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Too Close for Comfort: The Movies That Hit Way Too Close To Home

By Pajiba Staff | Lists | August 13, 2013 |

By Pajiba Staff | Lists | August 13, 2013 |

We’ve talked about movies we relate to, and we’ve talked about movies we won’t be watching again. But, watching a movie I describe below, I realized there was an uncharted area in Pajiba listory — the movies that hit us way too close to home. It’s a very specific movie-watching experience, one that is at once cathartic and too painful. To see your experience played out onscreen, it’s a nice reminder that you’re not alone; but, you’re still viewing painful reminders of how wrong it all went.

These are the movies that hurt. — Courtney Enlow

Side Effects: Before the first game-changing twist in Steven Soderbergh’s psychological “thriller,” Side Effects seems like a typically maudlin indie film about the debilitating aspects of depression and drug dependency, prescription or otherwise. The most insightful addition to the story is Jude Law’s portrayal of a doctor who is far too dependent on kickbacks from Big Pharma to really give his patients the help they need. This is an issue that is largely ignored by the public but too easily rends asunder otherwise innocent lives and families. I could relate to Channing Tatum’s growing frustration and sense of helplessness as his fictional wife sunk deeper with the aid of a medical professional, and all too well. Having grown up with a father who spent the better part of 13 years addicted to painkillers, like Rooney Mara’s in the film, my dad’s dependency was unfathomably debilitating. On pills, Mara and my father slept constantly and lost their jobs, before entering distressing fugue states they will never remember. No amount of pleading from their spouses, Tatum and my mother, respectively, could stop them from doing the one thing they mistakenly believe is making them better, healthier people. And then the twist. From my own past, I should have seen it coming. While the only lasting scars from my dad’s drug days are emotional, it could have easily turned out as dire and bloody as Mara’s. It was painful and heartbreaking to watch, but it was also exhilarating to finally see a movie tackle this subject with a degree of terrifying realism that is usually ignored in favor of pat morality lessons. Of course, then the other twists start piling up so much, that first one’s power is muted in the movie’s final moments. But the movie haunts me still, long after the credits rolled. How close the story came to a distressing greatness. How close my own life came to matching it. — Rob Payne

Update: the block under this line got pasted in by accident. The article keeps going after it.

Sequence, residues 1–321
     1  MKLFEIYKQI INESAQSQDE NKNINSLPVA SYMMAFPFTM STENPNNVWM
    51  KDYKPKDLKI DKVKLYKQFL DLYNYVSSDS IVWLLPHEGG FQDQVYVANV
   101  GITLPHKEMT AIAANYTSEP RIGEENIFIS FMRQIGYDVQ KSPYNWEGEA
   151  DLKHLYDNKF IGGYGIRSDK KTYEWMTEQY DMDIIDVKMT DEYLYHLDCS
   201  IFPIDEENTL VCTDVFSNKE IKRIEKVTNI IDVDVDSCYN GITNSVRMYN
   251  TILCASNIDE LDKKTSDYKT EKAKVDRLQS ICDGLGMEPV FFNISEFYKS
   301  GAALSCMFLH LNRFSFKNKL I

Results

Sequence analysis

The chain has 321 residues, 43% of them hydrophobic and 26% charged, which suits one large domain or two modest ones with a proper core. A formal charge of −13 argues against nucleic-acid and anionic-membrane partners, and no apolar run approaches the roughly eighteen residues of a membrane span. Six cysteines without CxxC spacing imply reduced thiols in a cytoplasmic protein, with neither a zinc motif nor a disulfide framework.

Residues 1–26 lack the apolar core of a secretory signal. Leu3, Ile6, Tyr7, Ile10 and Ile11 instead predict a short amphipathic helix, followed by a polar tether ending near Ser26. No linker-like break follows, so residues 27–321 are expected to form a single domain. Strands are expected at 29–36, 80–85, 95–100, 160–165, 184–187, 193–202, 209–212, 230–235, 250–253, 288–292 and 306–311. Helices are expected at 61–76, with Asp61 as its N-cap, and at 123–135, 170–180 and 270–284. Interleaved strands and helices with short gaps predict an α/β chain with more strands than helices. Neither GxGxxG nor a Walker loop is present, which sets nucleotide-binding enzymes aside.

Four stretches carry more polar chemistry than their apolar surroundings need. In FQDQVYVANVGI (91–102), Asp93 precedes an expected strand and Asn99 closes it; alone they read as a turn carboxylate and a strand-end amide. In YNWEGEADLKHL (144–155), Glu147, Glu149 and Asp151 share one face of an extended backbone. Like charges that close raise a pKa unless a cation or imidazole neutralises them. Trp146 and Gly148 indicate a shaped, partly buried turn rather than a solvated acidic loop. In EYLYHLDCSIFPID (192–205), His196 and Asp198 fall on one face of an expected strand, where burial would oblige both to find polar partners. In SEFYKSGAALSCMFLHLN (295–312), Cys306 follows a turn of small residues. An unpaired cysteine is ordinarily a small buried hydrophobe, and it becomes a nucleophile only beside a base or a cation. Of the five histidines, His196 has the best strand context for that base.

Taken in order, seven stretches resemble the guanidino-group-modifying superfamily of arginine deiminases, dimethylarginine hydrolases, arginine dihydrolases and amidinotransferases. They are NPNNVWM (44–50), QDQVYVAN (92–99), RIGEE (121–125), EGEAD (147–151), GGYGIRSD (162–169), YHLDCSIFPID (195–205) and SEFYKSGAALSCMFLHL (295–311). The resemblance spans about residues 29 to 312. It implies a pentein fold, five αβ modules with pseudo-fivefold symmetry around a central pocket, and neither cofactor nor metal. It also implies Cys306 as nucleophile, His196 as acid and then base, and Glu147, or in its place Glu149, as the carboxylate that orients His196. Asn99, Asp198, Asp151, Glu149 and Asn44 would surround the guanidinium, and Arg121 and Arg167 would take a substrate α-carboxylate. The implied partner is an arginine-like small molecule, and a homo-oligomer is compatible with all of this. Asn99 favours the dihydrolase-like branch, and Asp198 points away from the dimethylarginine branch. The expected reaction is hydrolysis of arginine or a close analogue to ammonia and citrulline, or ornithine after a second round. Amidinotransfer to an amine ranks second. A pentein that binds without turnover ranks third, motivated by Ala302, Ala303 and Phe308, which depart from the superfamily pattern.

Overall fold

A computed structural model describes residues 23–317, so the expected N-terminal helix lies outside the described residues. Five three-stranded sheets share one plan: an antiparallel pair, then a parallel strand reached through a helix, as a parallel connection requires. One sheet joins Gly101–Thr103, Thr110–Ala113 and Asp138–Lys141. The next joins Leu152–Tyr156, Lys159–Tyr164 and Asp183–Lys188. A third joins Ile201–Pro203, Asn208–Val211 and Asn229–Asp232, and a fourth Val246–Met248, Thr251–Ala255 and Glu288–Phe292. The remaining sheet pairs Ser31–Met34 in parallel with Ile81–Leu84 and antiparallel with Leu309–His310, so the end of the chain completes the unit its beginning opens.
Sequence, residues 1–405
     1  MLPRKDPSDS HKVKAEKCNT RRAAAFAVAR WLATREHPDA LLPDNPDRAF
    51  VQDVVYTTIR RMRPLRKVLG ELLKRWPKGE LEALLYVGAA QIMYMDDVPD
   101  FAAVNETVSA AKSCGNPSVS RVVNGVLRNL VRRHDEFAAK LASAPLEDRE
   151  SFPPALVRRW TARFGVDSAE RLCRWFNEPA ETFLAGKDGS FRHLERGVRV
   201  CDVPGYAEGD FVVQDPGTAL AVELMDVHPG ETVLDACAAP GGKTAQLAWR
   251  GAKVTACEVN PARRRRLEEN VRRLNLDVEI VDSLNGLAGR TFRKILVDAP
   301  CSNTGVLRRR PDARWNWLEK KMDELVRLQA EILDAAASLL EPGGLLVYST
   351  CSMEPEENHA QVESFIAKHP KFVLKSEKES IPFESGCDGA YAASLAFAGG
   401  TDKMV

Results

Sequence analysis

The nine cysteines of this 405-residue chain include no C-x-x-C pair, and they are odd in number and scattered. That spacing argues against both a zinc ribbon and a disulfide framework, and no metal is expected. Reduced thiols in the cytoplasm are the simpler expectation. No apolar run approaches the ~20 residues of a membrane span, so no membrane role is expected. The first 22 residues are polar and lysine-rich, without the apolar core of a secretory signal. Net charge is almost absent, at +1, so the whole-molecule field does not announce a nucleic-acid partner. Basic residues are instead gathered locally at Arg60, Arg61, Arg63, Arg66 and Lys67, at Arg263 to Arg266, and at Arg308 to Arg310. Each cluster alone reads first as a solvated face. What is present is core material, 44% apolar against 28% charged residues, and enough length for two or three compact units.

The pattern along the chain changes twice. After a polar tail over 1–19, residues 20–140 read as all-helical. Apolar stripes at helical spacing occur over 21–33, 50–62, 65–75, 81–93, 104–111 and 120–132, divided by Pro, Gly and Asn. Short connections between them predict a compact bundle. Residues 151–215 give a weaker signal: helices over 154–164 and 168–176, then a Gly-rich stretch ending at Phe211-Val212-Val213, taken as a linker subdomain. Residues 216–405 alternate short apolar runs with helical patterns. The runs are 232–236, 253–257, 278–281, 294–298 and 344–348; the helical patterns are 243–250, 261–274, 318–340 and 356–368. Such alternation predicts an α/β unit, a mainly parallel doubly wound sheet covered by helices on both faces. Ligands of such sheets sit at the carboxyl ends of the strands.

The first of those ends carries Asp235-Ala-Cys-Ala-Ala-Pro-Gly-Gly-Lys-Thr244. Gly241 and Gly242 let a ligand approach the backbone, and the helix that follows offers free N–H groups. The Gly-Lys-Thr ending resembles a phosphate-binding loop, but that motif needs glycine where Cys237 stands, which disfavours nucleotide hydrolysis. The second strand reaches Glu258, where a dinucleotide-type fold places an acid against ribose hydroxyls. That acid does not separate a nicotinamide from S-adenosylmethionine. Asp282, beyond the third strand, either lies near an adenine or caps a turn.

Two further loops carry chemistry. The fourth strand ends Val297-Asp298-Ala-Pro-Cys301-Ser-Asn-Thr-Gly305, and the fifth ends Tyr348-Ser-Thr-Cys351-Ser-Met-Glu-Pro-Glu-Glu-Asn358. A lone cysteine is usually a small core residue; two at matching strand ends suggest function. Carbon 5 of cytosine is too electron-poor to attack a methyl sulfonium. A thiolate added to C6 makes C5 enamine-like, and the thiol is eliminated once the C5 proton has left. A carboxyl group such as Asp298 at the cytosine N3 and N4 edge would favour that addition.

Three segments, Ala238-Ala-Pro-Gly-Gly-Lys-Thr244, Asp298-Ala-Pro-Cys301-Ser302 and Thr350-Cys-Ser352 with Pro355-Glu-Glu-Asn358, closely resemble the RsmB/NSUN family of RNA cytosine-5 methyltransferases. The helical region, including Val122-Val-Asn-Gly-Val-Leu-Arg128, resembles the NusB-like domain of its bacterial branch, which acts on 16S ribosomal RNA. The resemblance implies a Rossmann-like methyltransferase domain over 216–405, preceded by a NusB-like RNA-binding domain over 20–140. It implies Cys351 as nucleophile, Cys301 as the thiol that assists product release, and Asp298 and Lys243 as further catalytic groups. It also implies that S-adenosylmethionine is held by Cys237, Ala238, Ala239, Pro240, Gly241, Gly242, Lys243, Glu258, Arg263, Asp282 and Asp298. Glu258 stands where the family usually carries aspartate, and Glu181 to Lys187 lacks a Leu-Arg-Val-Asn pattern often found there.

Smashed: We settled in for a movie night, my husband and I. We hadn’t yet seen Smashed, but we had heard great things and, given the subject matter, we knew we’d relate. But, I didn’t know how much.